# Integration of structure function F2 to calculate quark momentum

• qatch
In summary, the textbooks "Particles and Nuclei" by Povh et al. and "Modern particle physics" by Mark Thomson discuss deep-inelastic scattering and the contributions of quarks to the total momentum of the nucleon. When integrating the electric part of the scattering equations, the magnetic contributions are omitted because the quark model being used assumes the quarks have only electric charge. However, if using the Callan-Gross relation, the magnetic contributions must also be taken into account to get an accurate result for the momentum of the nucleon. This highlights the importance of considering the assumptions made in the quark model when analyzing results.

#### qatch

Homework Statement
“Quarks carry only about half of the nucleon’s momentum.” Why do you integrate only over ## \int F_2^N(x), dx ## to get this result ?
Relevant Equations
Integral over structure function: ## \int F_2^N(x), dx ##, Callan-Gross relation: ## 2xF_1(x) = F_2(x)##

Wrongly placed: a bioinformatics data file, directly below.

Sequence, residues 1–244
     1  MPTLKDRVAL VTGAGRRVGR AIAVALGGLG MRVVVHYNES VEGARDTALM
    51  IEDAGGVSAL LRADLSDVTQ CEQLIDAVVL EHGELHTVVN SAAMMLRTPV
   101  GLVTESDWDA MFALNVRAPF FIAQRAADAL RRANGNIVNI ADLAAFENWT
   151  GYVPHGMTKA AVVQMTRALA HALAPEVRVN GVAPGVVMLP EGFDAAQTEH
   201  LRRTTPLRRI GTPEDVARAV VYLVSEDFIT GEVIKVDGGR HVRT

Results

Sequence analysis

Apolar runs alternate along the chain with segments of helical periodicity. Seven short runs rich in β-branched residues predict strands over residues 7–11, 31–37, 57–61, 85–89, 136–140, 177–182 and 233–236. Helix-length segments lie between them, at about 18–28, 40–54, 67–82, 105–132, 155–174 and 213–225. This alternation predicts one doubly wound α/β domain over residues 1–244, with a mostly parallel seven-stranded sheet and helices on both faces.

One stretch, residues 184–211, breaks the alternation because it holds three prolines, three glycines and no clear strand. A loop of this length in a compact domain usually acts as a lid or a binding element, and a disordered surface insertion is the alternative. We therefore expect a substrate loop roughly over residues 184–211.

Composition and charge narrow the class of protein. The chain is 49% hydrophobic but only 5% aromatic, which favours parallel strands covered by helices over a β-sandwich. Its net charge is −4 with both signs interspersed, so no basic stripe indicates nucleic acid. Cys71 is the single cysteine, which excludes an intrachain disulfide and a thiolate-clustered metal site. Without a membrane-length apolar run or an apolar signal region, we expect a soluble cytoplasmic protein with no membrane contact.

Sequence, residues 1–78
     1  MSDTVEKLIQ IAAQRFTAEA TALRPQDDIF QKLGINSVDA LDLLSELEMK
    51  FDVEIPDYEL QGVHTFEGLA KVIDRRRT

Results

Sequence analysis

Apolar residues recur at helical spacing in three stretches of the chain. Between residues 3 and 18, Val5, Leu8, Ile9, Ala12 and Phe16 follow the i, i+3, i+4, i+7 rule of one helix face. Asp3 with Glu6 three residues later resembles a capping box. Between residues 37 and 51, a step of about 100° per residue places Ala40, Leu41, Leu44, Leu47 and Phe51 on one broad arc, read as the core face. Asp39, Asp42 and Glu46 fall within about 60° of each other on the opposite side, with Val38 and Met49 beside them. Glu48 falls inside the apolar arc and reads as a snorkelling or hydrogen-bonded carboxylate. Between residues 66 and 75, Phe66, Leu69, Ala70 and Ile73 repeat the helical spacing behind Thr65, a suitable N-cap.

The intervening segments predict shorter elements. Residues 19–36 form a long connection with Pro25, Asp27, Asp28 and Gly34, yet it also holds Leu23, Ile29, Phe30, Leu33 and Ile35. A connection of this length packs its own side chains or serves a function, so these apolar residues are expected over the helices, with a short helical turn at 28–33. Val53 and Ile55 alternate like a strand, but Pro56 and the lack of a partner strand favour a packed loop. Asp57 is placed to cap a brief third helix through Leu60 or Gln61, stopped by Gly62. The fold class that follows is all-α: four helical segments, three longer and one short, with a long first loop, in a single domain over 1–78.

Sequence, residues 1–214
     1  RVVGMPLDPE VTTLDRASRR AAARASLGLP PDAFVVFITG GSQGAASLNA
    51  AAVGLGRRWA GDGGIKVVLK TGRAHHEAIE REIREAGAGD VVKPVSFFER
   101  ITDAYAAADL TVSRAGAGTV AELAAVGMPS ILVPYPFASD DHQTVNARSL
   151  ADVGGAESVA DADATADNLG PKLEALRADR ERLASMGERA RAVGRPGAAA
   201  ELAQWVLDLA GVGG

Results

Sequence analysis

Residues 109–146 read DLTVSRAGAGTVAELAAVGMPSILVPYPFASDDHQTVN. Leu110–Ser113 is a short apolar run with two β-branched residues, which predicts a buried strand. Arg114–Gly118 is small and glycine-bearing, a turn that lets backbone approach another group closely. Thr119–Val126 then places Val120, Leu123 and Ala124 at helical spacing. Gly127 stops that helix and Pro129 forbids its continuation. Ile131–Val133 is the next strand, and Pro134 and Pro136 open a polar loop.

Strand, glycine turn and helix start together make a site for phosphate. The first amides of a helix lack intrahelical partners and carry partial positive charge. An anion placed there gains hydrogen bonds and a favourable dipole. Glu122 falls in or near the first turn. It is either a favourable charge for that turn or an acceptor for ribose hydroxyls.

I study particle physics with “Particles and Nuclei” / Povh et al. and “Modern particle physics” / Mark Thomson and I am currently at “Deep-Inelastic scattering”. After introducing several scattering equations, such as Rosenbluth, that all include terms for electric AND magnetic scattering, i.e. momentum transfer, for comparing the contribution of quarks to the total momentum of the nucleon they integrate only the electric part, ##\int F_2^{pe}(x), dx ≈ 0.18## which scaled with factor 18/5 originating from the partial electric charges of the quarks gives ≈ 0.55, i.e. “about half of the nucleon’s momentum”.
Why can you omit F1 / magnetic contributions?
If I’d use the Callan-Gross relation ## 2xF_1(x) = F_2(x)## to calculate the ##F_1(x)## integral, since x <= 1 the contribution would exceed that of ##F_2(x)##.

The reason why the authors of your textbooks omit the magnetic contributions when calculating the momentum of the nucleon is because they are assuming a simple quark model of the nucleon, in which the quarks have only electric charge. In this scenario, the magnetic contributions from the quarks would be zero, so integrating only the electric part (F2) will give an accurate result for the total momentum of the nucleon.However, if you were to use the Callan-Gross relation to calculate F1, then you would need to take into account the magnetic contributions from the quarks. This would result in a greater contribution from the quarks to the total momentum of the nucleon than what was calculated using only F2. Therefore, it is important to keep in mind that the assumptions made about the quark model can have a significant impact on the results obtained.